Regina Bishop v. Ga. DFCS
[DO NOT PUBLISH] IN THE UNITED STATES COURT OF APPEALS FOR THE ELEVENTH CIRCUIT _____________________________ FILED
U.S. COURT OF APPEALS ELEVENTH CIRCUIT No. 04-16695 MARCH 10, 2006 _____________________________ THOMAS K. KAHN CLERK
D. C. Docket No. 03-00003-CV-4
Plaintiff-Appellant, versus GEORGIA DEPARTMENT OF FAMILY AND CHILDREN SERVICES, Floyd County Office, Defendant-Appellee. _________________________________________ Appeal from the United States District Court for the Northern District of Georgia _________________________________________ (March 10, 2006)
Before EDMONDSON, Chief Judge, BLACK and FAY, Circuit Judges.
On 10 October 2001, Plaintiff Regina Bishop was terminated from her job as an economic support supervisor for the Floyd County, Georgia Department of Family and Children Services (DFCS).1 Plaintiff claims she was terminated because of her bipolar disorder in violation of the Americans with Disabilities Act of 1990 (ADA) and the Rehabilitation Act of 1973. The district court concluded that Plaintiff failed to present a prima facie case of discrimination and granted summary judgment to the defendant, the Georgia Department of Human Resources. We now affirm the district court in part, reverse in part, and remand for further proceedings.
Plaintiff started work for the Defendant Georgia Department of Human Resources (DHR) in 1979. In 1985, Plaintiff became an economic support
Although Plaintiff performed her job functions for Floyd County DFCS, her actual employer -and the defendant in this case -- is the Georgia Department of Human Resources. 2
supervisor for Floyd County DFCS, a division of DHR. Her job responsibilities required her to train new staff in DFCS programs and computer systems. In 1987, Plaintiff was diagnosed with rapid-cycling bipolar disorder, which causes periodic manic and depressive episodes which can include increased irritability, easy distraction, and verbal hostility. During her manic episodes, Plaintiff admits that she often makes inappropriate statements, has inappropriate interactions with other people, and exercises poor judgment. Plaintiff takes medication to control her bipolar disorder and participates in periodic counseling sessions. In February and March 2001, Plaintiff received two letters of concern detailing inappropriate acts she had taken during her employment.2 Plaintiff attributed her acts to her bipolar disorder, and she requested closer communication with and more direct observation from her supervisor, Diane Ray, as a means of curbing her inappropriate behavior. In May 2001, plaintiff violated DFCS policy when she separately assisted her son and her boyfriend to obtain medical benefits and food stamps. An unwritten DFCS policy requires an employee to alert a supervisor when a family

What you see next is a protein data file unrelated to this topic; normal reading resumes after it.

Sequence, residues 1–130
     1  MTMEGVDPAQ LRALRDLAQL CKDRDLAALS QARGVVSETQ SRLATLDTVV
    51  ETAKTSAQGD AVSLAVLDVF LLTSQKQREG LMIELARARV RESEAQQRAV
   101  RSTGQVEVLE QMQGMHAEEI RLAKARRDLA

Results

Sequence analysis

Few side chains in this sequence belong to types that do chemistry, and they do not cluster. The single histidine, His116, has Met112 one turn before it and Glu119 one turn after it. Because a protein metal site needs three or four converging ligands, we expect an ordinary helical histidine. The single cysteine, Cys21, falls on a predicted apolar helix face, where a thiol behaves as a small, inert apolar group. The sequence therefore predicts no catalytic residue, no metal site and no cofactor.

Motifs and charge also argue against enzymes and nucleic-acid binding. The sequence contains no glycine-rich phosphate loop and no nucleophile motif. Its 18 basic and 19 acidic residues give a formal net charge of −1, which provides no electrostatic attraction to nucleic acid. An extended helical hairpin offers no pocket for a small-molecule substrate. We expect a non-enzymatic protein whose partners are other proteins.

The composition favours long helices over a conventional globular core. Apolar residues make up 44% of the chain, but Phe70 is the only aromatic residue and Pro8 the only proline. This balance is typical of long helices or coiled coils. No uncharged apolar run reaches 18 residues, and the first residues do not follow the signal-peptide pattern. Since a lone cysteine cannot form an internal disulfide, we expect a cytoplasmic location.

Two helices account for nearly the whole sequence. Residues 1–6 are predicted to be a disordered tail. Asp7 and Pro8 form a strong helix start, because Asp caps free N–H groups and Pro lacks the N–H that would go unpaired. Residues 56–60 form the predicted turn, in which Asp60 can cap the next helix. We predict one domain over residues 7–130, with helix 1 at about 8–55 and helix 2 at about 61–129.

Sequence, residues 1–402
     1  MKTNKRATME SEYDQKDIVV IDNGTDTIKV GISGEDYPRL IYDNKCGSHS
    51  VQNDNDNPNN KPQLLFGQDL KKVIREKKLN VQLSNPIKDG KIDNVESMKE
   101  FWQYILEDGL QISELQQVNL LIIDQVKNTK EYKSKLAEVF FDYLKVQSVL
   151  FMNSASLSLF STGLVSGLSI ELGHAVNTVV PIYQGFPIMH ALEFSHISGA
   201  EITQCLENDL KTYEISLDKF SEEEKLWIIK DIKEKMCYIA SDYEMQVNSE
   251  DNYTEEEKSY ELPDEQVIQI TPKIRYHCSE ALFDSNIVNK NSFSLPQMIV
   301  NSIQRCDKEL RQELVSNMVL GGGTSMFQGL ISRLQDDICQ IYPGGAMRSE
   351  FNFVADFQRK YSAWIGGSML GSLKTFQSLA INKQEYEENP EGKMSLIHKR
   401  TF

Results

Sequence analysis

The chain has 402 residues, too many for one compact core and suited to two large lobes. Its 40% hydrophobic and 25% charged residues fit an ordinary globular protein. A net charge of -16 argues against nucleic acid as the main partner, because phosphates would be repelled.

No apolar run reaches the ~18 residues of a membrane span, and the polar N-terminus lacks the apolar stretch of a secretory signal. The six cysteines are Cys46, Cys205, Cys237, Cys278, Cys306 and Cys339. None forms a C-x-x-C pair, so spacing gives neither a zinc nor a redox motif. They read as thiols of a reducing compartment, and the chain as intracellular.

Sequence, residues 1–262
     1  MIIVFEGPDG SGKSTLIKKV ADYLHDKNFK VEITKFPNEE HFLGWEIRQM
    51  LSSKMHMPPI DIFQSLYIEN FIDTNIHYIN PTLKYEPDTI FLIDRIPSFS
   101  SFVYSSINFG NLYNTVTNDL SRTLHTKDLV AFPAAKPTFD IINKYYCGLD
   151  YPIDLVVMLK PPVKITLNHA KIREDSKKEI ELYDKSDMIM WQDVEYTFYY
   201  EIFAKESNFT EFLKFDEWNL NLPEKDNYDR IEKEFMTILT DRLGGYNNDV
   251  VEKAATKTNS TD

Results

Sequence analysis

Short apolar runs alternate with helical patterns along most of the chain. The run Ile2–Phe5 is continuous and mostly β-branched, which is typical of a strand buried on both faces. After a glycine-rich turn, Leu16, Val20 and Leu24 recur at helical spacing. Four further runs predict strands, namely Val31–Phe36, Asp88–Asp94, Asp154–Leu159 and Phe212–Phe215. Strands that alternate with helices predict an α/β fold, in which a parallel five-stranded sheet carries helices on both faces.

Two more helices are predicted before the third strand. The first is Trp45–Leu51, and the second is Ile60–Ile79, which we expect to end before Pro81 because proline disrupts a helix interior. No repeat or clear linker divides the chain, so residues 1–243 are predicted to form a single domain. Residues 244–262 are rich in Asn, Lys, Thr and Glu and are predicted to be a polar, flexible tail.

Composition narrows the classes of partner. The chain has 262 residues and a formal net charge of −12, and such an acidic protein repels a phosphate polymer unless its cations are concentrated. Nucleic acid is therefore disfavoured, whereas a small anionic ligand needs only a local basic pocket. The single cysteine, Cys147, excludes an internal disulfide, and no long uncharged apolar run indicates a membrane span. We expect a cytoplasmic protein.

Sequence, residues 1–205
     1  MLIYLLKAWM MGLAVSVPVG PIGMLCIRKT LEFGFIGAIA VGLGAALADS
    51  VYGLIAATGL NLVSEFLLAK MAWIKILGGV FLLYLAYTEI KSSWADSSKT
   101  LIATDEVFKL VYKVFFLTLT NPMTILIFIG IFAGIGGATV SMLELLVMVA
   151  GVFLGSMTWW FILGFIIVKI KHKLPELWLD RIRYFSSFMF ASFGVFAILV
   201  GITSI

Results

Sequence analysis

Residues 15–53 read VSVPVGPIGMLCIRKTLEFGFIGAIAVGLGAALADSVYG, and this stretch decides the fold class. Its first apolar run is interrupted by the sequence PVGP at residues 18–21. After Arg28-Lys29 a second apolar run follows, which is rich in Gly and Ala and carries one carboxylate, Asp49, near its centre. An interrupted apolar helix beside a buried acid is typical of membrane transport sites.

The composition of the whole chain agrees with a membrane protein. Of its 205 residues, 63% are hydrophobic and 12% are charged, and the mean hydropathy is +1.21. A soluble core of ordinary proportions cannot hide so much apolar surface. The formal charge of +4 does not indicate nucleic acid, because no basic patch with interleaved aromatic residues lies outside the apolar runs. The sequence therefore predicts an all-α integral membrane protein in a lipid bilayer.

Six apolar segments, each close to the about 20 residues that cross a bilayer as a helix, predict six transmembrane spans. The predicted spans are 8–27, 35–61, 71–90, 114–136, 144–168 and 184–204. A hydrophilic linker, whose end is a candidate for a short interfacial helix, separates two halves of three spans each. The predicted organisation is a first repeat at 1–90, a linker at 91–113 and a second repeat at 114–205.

In the first incident, Plaintiff allegedly called a coworker a "bitch." In the second, Plaintiff allegedly used her status with Floyd County DFCS to assist a client in another DFCS office. 3
member was receiving benefits through the employee's office. The supervisor is then supposed to handle the claim. Plaintiff did not alert Ray that Plaintiff's son and boyfriend had applied for benefits. The Floyd County DFCS director, Kathy Floyd, initiated an investigation into Plaintiff's activities. Although Plaintiff claimed she was unaware of this policy, some evidence indicates that Plaintiff attended a meeting during which the policy was discussed. The investigation concluded that Plaintiff violated DFCS policy.3 Plaintiff was fired on 15 October 2001 based on her work history and the results of the investigation. Before she was terminated, Plaintiff applied for disability retirement benefits beginning in November 2001. Plaintiff filed suit against DHR after receiving a Notice of Right to Sue from the Equal Employment Opportunity Commission. In her suit, Plaintiff alleged that her policy violations were directly caused by her bipolar disorder and
The Office of Investigative Services report concluded that: The evidence supports the conclusion of negligence, inefficiency and misconduct by Regina Bishop. Ms. Bishop was inappropriately involved in the application process of her son and live-in boyfriend. Her involvement compromised program integrity and internal controls. She violated office procedures/practices, food stamp/county clinic policy and DHR standards of conduct policy. She failed to report the cases to her supervisor and recruited subordinate employees/friends to assist her in processing the cases. 4